The government of the Democratic Republic of Congo has brutally cracked down on those who have spoken out against or opposed attempts to extend President Joseph Kabila’s time in office beyond his constitutionally mandated two-term limit, which ends on December 19, 2016. Since January 2015, government security forces have arbitrarily arrested scores of opposition leaders and activists, fired on peaceful protesters, banned opposition demonstrations, shut down media outlets, accused peaceful pro-democracy youth activists of plotting terrorist acts, and prevented opposition leaders from moving freely around the country.

In one of the latest attempts to curtail human rights reporting during a period of increased government repression, the Congolese government in early August 2016 blocked a senior Human Rights Watch researcher, Ida Sawyer, from continuing to work in the country.

The government should urgently free all political prisoners, allow Congolese and international rights defenders to continue their crucial work, permit activists and opposition supporters to protest peacefully and express their political views, and hold those responsible for the crackdown to account.

Meanwhile, the security situation in eastern Congo, where dozens of armed groups are still active, remains deeply volatile. In the Beni area, armed forces have killed more than 500 civilians in massacres since October 2014, according to local rights groups. The government needs to improve protection for civilians in the area, identify abusers, and hold them to account.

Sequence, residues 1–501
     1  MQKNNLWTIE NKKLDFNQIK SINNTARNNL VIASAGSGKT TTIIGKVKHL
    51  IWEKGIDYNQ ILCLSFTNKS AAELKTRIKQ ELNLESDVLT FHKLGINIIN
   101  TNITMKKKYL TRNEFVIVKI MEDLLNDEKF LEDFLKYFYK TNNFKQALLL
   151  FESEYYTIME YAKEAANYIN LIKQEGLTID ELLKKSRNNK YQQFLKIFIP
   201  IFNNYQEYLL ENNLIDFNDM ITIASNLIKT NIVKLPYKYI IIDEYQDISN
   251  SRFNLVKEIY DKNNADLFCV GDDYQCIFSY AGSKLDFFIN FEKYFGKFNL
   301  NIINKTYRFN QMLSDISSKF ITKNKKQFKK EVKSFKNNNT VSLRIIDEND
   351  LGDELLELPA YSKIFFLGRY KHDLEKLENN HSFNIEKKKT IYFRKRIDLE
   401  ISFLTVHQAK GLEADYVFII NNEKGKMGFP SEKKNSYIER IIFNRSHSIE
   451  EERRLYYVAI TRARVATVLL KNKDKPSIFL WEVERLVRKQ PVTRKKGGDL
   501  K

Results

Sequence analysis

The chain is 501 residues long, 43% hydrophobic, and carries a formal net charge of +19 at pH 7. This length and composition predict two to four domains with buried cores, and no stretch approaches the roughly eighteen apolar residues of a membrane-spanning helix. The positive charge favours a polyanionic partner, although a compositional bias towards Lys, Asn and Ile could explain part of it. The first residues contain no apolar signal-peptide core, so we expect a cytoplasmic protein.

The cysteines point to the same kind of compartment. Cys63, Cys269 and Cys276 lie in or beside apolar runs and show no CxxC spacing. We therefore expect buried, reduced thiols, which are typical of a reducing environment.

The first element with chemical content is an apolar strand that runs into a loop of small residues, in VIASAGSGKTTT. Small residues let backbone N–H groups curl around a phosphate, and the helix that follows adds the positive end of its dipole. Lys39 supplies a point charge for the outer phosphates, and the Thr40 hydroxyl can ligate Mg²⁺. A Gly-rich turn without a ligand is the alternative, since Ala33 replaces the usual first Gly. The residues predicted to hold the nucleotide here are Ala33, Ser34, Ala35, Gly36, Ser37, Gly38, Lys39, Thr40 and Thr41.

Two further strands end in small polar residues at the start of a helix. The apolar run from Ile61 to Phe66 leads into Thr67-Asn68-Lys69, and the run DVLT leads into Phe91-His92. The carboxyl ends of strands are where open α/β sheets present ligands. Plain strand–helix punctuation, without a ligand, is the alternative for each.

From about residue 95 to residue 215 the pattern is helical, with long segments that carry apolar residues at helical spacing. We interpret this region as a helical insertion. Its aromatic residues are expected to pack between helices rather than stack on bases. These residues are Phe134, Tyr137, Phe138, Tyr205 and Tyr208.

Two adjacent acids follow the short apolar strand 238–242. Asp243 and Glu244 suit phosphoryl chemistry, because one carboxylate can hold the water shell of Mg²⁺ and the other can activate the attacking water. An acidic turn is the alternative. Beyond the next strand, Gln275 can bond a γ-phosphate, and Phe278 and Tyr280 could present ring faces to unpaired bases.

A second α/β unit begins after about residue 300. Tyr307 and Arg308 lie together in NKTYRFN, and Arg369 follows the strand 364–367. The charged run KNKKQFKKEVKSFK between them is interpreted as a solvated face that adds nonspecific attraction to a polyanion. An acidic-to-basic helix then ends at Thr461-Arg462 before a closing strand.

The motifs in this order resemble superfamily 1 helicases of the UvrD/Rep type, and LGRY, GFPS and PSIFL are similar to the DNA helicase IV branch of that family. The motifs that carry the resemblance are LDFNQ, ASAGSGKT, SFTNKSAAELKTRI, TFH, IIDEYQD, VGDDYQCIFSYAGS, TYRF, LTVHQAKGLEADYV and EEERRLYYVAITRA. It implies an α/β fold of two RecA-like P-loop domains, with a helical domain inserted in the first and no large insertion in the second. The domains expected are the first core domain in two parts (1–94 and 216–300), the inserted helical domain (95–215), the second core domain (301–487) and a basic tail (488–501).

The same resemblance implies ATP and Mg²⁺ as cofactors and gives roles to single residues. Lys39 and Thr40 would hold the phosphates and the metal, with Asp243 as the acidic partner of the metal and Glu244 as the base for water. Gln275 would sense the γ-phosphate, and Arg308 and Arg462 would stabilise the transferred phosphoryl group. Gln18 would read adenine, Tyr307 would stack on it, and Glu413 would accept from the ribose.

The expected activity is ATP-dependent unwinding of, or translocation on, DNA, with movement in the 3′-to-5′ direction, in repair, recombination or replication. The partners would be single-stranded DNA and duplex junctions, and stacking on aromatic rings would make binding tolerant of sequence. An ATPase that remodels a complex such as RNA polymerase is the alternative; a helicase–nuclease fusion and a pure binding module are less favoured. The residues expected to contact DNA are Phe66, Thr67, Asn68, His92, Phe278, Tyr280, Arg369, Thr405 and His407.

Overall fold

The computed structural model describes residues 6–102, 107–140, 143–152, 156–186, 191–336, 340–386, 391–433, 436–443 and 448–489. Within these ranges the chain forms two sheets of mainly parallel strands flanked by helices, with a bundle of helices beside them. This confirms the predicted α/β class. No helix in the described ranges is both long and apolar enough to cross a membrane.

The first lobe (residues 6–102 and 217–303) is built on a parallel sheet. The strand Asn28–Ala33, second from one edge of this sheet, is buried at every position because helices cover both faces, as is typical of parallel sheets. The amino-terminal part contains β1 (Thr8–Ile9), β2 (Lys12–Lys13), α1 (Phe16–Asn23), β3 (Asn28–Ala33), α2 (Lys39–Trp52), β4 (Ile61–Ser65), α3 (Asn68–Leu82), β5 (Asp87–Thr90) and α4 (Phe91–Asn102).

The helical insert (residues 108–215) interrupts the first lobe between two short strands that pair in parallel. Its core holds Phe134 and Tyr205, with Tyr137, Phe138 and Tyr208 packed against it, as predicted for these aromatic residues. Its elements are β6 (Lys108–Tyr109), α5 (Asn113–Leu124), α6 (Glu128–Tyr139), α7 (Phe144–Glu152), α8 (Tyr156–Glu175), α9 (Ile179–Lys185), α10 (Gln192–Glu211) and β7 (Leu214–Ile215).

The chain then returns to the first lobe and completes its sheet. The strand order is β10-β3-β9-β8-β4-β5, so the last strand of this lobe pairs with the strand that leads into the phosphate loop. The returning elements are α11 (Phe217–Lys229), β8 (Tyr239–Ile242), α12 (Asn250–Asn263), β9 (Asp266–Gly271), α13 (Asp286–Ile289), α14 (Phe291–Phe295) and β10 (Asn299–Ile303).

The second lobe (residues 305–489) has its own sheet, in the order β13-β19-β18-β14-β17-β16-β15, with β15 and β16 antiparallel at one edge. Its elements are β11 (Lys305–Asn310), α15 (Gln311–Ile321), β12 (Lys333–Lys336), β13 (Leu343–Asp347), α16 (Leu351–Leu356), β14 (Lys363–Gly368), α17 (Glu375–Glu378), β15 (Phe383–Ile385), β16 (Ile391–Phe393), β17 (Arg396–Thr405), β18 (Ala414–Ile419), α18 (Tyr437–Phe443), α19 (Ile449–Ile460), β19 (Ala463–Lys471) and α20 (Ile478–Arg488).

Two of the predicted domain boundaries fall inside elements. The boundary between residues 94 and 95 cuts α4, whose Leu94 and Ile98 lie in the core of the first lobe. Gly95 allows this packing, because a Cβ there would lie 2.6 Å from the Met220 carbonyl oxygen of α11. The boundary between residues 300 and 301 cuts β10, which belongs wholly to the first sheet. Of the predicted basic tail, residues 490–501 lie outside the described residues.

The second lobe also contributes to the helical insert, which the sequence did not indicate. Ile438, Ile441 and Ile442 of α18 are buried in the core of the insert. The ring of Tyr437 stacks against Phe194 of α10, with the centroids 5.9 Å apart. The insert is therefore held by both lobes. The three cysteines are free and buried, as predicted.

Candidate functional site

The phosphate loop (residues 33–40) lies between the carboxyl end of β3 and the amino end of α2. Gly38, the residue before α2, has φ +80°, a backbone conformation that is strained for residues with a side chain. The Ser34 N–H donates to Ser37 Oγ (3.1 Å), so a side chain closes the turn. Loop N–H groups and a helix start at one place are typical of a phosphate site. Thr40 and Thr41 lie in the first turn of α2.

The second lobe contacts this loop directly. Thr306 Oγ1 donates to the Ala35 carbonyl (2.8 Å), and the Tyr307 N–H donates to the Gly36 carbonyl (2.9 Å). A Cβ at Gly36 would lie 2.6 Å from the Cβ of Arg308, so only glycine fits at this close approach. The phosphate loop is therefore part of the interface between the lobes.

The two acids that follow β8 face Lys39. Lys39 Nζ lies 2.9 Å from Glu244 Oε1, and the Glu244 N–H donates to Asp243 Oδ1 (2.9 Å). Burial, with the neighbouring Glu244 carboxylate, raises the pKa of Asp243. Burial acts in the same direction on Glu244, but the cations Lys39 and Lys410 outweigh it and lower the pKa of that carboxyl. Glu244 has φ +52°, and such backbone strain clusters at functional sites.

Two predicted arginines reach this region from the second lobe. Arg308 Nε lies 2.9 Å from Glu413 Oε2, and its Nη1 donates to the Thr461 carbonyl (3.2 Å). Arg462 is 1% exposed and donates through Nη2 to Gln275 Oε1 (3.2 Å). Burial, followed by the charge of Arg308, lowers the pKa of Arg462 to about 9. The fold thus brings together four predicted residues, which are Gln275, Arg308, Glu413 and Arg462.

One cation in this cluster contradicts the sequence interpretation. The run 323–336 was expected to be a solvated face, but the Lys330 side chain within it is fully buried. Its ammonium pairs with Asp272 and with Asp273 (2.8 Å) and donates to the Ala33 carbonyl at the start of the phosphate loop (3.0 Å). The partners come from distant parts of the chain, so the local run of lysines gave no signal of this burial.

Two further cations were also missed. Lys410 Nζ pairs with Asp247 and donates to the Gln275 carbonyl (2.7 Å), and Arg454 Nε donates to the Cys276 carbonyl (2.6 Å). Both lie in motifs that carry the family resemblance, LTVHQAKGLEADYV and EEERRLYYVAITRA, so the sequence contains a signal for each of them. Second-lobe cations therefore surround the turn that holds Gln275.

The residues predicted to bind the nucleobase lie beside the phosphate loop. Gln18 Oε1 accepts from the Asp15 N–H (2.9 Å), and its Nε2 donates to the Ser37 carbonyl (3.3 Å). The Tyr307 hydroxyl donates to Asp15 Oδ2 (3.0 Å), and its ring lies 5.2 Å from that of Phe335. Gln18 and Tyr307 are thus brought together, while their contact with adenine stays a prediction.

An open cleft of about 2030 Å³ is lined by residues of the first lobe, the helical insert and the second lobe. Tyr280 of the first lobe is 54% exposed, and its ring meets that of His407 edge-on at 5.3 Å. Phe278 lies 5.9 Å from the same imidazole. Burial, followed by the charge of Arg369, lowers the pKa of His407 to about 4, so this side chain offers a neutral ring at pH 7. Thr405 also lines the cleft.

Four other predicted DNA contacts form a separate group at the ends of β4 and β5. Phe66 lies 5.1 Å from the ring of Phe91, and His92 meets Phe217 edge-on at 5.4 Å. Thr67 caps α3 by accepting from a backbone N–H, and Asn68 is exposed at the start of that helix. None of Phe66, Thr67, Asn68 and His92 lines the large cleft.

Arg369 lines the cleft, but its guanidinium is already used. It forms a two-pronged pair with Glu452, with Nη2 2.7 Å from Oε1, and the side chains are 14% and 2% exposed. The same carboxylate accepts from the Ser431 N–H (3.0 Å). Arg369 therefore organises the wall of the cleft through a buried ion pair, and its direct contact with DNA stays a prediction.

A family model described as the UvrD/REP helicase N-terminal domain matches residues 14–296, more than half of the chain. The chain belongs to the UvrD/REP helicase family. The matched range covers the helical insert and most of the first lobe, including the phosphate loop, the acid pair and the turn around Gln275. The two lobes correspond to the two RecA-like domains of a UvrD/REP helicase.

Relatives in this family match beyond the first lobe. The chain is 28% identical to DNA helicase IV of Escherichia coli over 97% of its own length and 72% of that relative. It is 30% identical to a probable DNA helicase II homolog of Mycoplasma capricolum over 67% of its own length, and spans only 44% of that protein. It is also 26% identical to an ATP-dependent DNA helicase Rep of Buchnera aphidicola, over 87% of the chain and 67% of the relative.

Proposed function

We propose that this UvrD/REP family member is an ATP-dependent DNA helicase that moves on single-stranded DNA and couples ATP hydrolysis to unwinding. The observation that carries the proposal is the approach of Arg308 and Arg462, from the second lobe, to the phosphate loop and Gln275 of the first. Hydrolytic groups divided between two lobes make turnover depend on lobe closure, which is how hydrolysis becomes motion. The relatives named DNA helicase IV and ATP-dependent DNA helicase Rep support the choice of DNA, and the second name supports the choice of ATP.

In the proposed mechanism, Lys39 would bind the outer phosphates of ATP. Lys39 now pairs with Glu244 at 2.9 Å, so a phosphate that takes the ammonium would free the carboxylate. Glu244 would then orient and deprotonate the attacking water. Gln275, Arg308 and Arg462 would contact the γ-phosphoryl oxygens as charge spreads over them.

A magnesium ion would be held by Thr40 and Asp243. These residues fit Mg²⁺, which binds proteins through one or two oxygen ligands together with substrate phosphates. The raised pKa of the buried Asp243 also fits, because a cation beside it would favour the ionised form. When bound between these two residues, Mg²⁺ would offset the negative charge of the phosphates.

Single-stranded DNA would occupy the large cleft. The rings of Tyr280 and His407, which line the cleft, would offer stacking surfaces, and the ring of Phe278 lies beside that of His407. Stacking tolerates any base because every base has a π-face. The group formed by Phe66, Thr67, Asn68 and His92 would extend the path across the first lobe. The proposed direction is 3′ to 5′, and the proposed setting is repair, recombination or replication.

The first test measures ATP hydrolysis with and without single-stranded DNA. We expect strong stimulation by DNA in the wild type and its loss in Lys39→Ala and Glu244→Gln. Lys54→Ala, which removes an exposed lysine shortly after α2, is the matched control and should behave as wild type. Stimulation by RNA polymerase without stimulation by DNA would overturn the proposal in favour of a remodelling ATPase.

In Swaziland, which takes over as SADC chair for the next 12 months, human rights conditions have deteriorated significantly. The government has imposed restrictions on political activism and trade unions that violate international law, including potential bans under the draconian Suppression of Terrorism Act, and subjected activists and union members to arbitrary detention and unfair trials.

In Mozambique, the political and military conflict between the government and the opposition RENAMO party has resulted in increased human rights abuses. Since October 2015, tens of thousands of people have fled to Malawi because of abuses by the military, including summary executions, sexual violence, and mistreatment of people in custody. In Zambezia province, armed men linked to RENAMO have attacked hospitals and health clinics to loot medicine and supplies, threating access to health care for tens of thousands of people in remote areas. The Mozambican government has yet to publish its findings of an investigation of a mass grave found in May 2016 containing at least 15 bodies.

In South Africa, public confidence in the government’s willingness to tackle human rights violations, corruption and respect for the rule of law has eroded. The government has done little to address concerns about the treatment of migrants, refugees, and asylum seekers, or the root causes of xenophobic violence. The government has failed to ensure that an estimated half million children with disabilities have access to basic education. Rights groups expressed concerns about the government’s failure to develop a national strategy to combat the high rate of violence against women and the continued underreporting of rape.

“To achieve the SADC Summit theme of ‘enriching nations,’ SADC countries should seriously focus on respecting human rights, upholding the rule of law, and curtailing corruption,” Mavhinga said. “Transparency and justice will help drive regional economic development that can genuinely improve people’s lives.”